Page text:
Furthermore, there were 122 mentions of “antisemitism” in The New York Times during the first half of 2022, but not a single one dealt with Palestinian antisemitism.

Sigan also points out that, in contrast to the NYT’s negative portrayal of Israel, there were almost no negative articles about the Palestinians.

As Sigan writes, “The central problem, as previously stated, is that there are no negative stories about Palestinians. Not about terrorists who receive encouragement, not about the rotten and monstrous leadership, not about Hamas…there are even no negative stories about Hezbollah.”

Even during one of the worst cycles of Palestinian terrorism of the past few years, when The New York Times had no choice but to report on mass-casualty attacks, many articles would not refer to the perpetrators as “terrorists” (except for when quoting Israeli sources).

Rather, the publication preferred to describe the terrorists as “Arab assailants” rather than “Palestinians” (see here, here ,and here).

According to Lilac Sigan, another issue with the way that The New York Times reports on Israel and the Palestinians is the newspaper’s failure to provide readers with a proper context that would help them better understand current events.

For instance, Sigan points out that in the first six months of 2022, the terms “Israel” and “1967” and “Israel” and “occupation” appeared a total of 101 times in the pages of The New York Times as part of the historical background to a number of Israel-related articles.

However, not a single article informed readers as to who controlled the land prior to 1967 or which events led to Israel gaining control of this territory.

Similarly, in its reporting on the killing of Shireen Abu Akleh, The New York Times never once informed its vast readership as to the extent to which Israel protects journalists or that it is one of the few countries in the Middle East that respects freedom of the press.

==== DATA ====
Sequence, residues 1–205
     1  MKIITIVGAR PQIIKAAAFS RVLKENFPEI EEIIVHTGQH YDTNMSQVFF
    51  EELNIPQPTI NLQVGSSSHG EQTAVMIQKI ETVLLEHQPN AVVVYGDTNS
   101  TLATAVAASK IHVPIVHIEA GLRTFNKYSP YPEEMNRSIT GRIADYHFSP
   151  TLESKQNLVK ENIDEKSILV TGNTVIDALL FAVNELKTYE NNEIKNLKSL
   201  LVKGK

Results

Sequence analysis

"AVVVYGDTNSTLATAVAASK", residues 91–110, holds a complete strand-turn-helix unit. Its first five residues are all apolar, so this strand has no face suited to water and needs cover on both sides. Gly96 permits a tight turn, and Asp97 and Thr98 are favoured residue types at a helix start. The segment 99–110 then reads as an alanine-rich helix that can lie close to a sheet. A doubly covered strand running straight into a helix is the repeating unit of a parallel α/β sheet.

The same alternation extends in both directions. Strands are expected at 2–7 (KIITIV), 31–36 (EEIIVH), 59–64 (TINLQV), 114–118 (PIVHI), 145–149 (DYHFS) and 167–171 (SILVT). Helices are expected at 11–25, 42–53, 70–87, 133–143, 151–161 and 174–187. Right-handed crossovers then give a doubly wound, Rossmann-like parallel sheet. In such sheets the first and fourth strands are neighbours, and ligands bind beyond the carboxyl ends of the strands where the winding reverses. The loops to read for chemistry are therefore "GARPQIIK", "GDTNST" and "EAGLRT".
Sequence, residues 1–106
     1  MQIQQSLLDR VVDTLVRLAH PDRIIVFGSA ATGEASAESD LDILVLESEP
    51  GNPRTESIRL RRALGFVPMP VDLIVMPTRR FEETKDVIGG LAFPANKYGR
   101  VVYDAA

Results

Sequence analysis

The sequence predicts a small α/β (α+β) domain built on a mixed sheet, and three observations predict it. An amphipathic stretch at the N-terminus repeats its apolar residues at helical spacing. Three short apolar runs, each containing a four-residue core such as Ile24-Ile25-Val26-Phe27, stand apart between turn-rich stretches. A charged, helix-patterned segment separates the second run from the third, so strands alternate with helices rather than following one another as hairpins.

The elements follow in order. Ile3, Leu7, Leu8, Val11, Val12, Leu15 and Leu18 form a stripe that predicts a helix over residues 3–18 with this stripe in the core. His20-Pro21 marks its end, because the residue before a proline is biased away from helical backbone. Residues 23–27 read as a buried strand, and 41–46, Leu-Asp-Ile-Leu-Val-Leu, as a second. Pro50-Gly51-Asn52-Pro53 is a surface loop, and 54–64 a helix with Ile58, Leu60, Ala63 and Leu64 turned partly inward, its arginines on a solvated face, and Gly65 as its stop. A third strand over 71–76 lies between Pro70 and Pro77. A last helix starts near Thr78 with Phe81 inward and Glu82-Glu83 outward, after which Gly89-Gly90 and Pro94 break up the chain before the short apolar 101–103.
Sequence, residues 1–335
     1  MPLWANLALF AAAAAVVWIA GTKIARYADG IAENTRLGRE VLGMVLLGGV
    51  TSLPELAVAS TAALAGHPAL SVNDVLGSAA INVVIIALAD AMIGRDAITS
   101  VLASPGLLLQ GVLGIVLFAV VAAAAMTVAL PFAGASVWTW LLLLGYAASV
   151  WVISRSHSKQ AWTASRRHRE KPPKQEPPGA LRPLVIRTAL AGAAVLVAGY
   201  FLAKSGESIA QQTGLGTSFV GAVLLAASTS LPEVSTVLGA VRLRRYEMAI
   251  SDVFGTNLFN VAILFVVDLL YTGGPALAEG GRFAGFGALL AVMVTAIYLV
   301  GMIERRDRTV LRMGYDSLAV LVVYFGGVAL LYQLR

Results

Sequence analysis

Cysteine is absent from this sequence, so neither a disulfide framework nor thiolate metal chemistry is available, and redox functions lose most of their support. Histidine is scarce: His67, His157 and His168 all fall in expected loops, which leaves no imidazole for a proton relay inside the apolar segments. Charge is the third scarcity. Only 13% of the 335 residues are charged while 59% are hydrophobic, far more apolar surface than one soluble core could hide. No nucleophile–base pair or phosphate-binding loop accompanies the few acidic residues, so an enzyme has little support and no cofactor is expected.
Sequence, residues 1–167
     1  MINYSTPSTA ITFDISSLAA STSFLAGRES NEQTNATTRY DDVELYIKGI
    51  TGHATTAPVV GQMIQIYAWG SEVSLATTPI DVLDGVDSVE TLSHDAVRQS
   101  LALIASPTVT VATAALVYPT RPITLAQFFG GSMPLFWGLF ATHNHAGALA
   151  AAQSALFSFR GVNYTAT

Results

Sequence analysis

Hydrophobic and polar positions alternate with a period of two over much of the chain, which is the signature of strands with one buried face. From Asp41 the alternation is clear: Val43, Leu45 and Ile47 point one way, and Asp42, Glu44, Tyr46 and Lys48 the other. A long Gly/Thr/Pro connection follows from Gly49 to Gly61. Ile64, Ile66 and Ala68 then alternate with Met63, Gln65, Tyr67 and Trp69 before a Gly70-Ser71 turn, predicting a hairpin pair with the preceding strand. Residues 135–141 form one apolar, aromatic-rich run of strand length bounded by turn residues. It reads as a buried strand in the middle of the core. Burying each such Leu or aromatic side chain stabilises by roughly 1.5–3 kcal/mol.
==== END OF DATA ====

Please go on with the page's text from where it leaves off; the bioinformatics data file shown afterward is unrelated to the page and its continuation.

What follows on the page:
Thus, NYT readers were left with a skewed impression of Israel’s relationship with journalists and news agencies.

As a result, The New York Times is denying its readers the ability to fully understand what is taking place in Israel and to be able to form an educated opinion about the latest developments coming out of the Middle East.

According to Lilac Sigan, The New York Times holds a black-and-white view of the conflict between Israel and the Palestinians, with the Israelis being the sole aggressors and the Palestinians being the lone victims.

Thus, any news item that seems to corroborate this outlook is reported on while any news item that seems to contradict this perspective is left out of their Israel coverage.

As a result, readers of The New York Times are left with a caricaturish impression of Israel that portrays the Jewish state as an oppressive entity with an unstable political regime while disregarding the daily reality of living in Israel, which includes existential threats and trauma — but also the development of technology and the continued rise in living standards for all its citizens.

Don’t the readers of The New York Times deserve better?

The author is a contributor to HonestReporting, a Jerusalem-based media watchdog with a focus on antisemitism and anti-Israel bias — where a version of this article first appeared.

The opinions presented by Algemeiner bloggers are solely theirs and do not represent those of The Algemeiner, its publishers or editors. If you would like to share your views with a blog post on The Algemeiner, please be in touch through our Contact page.